CBD vs THC: Comparing Two Potent Cannabinoids
Are you trying to decide between CBD and THC?
Maybe you’re just curious about the differences between the two. It’s easy to assume that these two compounds are similar since they both come from the same plant. But while they can both play an important role in managing chronic pain, CBD and THC are very different substances, and each one works differently in the body.
In this article, we’ll explore how these two popular cannabis compounds work to relieve chronic pain — both separately and together.
The Basics of THC and CBD
CBD (short for cannabidiol) and THC (tetrahydrocannabinol) belong to a group known as cannabinoids, and they are derived from the cannabis plant – either hemp or psychoactive cannabis (“marijuana”). There are over 100 different cannabinoids, but CBD and THC are the most dominant substances in cannabis, making them responsible for most of the effects that marijuana is famous for.
Both CBD and THC work by interacting with the endocannabinoid system, which refers to a group of receptors in the body that regulate various physiological processes, including pain, digestion, mood, and sleep. Cannabis is well-known for its versatility, helping people worldwide with problems like insomnia, PTSD, and pain – and it’s all because these endocannabinoid receptors are involved in so many different bodily functions.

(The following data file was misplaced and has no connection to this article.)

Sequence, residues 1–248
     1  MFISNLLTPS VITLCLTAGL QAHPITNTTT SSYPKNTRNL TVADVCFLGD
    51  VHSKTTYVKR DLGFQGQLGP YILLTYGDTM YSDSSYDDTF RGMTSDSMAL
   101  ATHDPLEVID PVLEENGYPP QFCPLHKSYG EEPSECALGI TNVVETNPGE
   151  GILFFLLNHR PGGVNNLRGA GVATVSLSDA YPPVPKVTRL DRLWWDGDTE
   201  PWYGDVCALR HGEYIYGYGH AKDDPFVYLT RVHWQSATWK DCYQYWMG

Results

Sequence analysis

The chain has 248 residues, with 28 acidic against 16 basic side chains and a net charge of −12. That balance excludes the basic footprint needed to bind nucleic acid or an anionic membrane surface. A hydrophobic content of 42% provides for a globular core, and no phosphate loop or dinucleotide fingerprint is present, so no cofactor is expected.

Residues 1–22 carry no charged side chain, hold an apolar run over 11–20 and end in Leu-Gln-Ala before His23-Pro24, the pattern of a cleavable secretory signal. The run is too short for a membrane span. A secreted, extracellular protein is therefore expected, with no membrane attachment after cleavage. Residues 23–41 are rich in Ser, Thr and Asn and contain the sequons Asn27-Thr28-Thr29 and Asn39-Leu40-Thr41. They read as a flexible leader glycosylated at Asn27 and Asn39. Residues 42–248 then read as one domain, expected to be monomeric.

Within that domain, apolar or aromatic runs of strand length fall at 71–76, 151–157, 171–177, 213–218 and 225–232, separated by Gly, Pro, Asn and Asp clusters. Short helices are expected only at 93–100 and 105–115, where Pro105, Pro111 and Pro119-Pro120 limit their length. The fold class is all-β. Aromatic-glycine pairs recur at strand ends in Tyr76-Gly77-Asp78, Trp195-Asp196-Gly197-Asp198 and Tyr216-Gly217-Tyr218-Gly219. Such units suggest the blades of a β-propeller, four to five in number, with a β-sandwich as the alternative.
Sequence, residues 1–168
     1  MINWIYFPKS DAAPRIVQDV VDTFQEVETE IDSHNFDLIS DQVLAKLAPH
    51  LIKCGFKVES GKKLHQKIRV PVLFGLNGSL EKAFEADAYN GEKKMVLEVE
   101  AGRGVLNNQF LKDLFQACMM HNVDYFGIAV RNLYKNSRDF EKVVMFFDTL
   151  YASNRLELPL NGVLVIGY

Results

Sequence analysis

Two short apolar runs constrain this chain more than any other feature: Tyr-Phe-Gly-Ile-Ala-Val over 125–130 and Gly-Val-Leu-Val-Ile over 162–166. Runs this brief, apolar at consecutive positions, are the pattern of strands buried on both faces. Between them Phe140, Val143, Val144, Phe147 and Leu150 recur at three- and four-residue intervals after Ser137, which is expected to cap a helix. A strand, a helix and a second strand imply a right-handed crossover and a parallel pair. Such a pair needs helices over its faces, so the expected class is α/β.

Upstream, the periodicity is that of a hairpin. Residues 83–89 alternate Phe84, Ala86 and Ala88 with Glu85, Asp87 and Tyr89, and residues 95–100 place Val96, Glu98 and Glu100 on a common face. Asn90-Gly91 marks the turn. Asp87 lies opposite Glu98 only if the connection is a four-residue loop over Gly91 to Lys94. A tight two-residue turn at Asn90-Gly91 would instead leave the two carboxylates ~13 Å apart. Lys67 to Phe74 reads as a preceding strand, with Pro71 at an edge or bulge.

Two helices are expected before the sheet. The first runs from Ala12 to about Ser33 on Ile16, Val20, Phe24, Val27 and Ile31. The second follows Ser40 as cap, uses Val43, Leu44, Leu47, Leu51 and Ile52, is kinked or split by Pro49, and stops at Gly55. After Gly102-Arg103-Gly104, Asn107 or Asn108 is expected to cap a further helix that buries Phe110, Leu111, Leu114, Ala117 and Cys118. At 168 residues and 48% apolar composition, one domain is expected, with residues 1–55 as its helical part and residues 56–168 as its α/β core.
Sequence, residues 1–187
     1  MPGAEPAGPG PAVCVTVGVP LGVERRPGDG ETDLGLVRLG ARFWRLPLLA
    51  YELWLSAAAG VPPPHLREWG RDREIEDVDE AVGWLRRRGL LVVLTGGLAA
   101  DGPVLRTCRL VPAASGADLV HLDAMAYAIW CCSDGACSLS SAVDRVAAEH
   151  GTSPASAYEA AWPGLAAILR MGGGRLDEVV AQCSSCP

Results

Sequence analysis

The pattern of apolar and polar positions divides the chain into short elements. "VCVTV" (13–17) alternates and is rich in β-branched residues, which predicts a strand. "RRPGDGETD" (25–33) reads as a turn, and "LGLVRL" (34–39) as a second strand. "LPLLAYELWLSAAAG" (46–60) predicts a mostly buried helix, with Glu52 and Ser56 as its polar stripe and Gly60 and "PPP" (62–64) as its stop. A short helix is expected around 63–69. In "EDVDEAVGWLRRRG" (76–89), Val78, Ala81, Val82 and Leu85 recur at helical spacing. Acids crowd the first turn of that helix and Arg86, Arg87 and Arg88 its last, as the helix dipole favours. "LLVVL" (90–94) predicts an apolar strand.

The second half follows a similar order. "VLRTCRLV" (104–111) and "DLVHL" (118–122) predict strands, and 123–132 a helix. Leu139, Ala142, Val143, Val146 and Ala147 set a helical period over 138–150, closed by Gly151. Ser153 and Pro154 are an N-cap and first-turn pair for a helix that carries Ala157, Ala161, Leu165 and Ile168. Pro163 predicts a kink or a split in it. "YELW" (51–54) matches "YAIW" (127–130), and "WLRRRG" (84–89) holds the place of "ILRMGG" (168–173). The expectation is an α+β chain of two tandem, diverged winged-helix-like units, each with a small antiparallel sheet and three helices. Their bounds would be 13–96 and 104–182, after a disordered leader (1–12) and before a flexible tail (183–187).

By far, the most notable difference between CBD and THC is that THC causes a high, while CBD does not. CBD’s lack of psychoactive effects is one of the reasons it has become so popular as of late. In fact, CBD can counteract some of THC’s psychoactive effects (like euphoria and anxiety). This is why high-CBD strains of cannabis are often popular for pain relief since they allow one to keep a clear head.
THC is also associated with more side effects than CBD, although these tend to be mild and are temporary. Some well-documented side effects of THC are dry mouth, red eyes, and hunger. Most people who use CBD report little to no side effects, with sleepiness being the most common, especially at high doses.